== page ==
Joseph Smith’s plans for a temple could house an NBA basketball court, an Olympic size swimming pool, and still allow important temple rites to be going on. David Hall, chairman of Hall Labs tells us more about these temples and his amazing ideas to keep people healthy.
David: Right. See, right now we’re trying to make our home, a mansion, our little kingdom. We even put fences around and many times we’ll even put castles and make it look like a castle. Because that’s what we want, to be a king. Well, what our scriptures, especially our scriptures, but even the Bible are trying to tell us as a society is, the community is your mansion. Then, if you also have really nice buildings. I mean, Bill Gates cannot build a mansion as nice New Vista. He can’t, because you need people. What good is it to have a basketball court in your home if nobody comes? The nice thing about–you’ve got 24 buildings, each with two NBA basketball courts. Can you imagine that? An 1833 spec, exactly for an NBA basketball court. Basketball wasn’t even invented. Olympic pools, exactly the size of Olympic pools. That’s only five years old for that size. In 1833! Talk about visionary. But you got 48 basketball courts.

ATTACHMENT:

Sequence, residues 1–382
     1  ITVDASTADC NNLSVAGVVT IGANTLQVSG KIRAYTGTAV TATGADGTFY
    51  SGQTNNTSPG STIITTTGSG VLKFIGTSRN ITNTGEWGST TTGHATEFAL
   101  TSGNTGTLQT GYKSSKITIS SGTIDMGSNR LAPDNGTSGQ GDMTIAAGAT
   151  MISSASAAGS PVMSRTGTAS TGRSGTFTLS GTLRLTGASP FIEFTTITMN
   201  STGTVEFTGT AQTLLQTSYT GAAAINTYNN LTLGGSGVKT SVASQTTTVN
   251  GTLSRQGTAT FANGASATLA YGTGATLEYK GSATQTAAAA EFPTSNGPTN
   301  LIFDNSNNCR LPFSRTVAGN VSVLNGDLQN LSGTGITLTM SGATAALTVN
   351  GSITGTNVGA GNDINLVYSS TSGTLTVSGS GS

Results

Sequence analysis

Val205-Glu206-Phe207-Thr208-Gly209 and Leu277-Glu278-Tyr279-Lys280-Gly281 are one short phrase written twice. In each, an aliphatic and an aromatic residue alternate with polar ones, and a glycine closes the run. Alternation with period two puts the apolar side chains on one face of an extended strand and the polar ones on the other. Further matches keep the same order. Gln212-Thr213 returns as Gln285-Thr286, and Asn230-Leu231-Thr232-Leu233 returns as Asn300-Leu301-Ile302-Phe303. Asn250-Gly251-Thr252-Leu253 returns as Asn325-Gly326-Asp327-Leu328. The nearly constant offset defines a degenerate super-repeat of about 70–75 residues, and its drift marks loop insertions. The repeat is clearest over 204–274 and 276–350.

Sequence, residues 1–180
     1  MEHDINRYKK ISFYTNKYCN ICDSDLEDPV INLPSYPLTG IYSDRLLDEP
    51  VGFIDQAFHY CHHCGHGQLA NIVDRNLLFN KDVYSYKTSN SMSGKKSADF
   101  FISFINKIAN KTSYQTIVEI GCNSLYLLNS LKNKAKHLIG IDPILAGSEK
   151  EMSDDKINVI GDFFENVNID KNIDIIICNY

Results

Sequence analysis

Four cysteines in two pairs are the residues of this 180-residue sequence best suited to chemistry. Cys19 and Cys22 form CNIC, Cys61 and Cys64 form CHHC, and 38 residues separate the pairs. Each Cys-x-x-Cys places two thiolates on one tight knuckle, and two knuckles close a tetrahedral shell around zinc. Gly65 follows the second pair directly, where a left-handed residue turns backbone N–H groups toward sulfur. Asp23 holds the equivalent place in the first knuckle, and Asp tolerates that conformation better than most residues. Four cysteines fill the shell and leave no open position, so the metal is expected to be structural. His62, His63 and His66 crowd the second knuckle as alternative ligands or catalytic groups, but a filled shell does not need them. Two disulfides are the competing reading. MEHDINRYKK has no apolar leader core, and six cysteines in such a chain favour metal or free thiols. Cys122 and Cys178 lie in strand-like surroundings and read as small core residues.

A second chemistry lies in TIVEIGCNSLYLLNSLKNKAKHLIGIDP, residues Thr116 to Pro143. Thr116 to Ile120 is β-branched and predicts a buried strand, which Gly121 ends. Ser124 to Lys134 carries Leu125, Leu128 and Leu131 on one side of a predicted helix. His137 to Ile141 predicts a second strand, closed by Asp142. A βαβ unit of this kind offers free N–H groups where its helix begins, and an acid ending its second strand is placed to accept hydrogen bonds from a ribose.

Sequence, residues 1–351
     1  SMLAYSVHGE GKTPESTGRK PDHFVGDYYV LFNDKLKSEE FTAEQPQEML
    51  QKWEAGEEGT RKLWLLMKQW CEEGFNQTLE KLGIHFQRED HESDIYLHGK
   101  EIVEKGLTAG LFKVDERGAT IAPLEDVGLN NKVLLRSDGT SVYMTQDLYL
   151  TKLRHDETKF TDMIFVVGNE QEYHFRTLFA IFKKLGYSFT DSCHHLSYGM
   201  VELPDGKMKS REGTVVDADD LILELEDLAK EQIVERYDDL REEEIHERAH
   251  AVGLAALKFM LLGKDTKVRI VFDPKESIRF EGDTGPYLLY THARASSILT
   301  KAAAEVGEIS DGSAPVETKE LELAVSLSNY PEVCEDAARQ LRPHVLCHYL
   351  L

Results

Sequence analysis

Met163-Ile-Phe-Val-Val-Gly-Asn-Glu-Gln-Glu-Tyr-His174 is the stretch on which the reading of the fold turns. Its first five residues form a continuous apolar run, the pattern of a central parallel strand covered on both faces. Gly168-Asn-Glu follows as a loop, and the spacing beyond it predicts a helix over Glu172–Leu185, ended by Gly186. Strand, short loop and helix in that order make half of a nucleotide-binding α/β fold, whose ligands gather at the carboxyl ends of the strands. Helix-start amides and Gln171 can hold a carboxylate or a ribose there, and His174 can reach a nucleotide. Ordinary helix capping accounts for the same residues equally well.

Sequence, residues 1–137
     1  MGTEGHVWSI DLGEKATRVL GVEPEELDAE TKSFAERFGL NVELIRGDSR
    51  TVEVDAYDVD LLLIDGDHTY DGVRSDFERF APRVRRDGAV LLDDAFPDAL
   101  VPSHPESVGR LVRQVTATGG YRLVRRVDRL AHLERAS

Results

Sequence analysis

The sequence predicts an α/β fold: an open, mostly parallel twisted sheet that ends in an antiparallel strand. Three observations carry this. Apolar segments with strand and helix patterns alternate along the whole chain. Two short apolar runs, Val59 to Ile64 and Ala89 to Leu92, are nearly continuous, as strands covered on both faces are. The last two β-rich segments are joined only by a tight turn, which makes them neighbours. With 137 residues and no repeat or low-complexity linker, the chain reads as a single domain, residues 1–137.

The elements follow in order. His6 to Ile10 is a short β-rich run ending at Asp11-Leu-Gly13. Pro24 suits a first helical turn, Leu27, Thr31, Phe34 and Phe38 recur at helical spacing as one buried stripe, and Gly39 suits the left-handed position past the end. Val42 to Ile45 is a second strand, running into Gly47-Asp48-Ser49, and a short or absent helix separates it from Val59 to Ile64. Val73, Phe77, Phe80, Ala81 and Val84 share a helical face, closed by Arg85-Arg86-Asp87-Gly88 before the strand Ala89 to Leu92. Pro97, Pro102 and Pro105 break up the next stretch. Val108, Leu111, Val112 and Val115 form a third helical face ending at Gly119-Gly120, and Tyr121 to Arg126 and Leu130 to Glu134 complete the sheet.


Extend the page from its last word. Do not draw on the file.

GT: Or tennis or whatever.
David: Yes, it’s going 24/7. It’s just heaven, because people are there. Then, okay, if you want to do endowment ceremony or sealing or something like that, these buildings are perfect for that, more perfect, by far, than any of our temples now. [It has] privacy and everything, the elevator can be private. The bathrooms can be totally private, no public anything. It anticipated the privacy problems we’re having, way back.
GT: Well, and I love this because, the original Kirtland Temple, the original Nauvoo Temple, were opened to the public. The mumies were displayed in Kirtland, in the temple. Joseph Smith, Sr. used to give tours for 25 cents or whatever it was. So, I love this idea of reopening our temples.
David: It’s a community center.
GT: There’s still private places.
David: Yeah, like a conference room to have a business meeting. That’s private. So, you rent out from the community, those areas you need for your ceremonies. You bring down from storage, your things, which are different from the Baptists, who used it two hours before. But now it’s for all mankind, not just for a select people.
GT: You even mentioned the Olympic-sized pools could be then reused for a font.
David: Yeah, there’s 24 baptismal fonts. You don’t have a hang up. It was an architect’s idea to have it on cattle. That wasn’t part of the vision.
GT: To have it on cattle, what do you mean?
David: Well, the baptismal font on a bunch of cattle.
GT: Oh, yeah. You’re talking about the baptismal font [for the dead in temples.]
David: I mean, when we centralize one fancy baptismal font, you’re just asking for a bottleneck, right? Come on.
GT: Well, I know the Salt Lake Temple is going to have two fonts, finally.
David: Big deal. Every one of these buildings has 24. They’ve got bigger endowment rooms, or smaller. They can be divided. I mean, one of the specs, and you see it in the Kirtland Temple, it has to be able to be divided. So, it could be a full half, quarter, eight or 12. Decide your session size.
Would you like temples to be open to the puclic like a community center? Check out our conversation….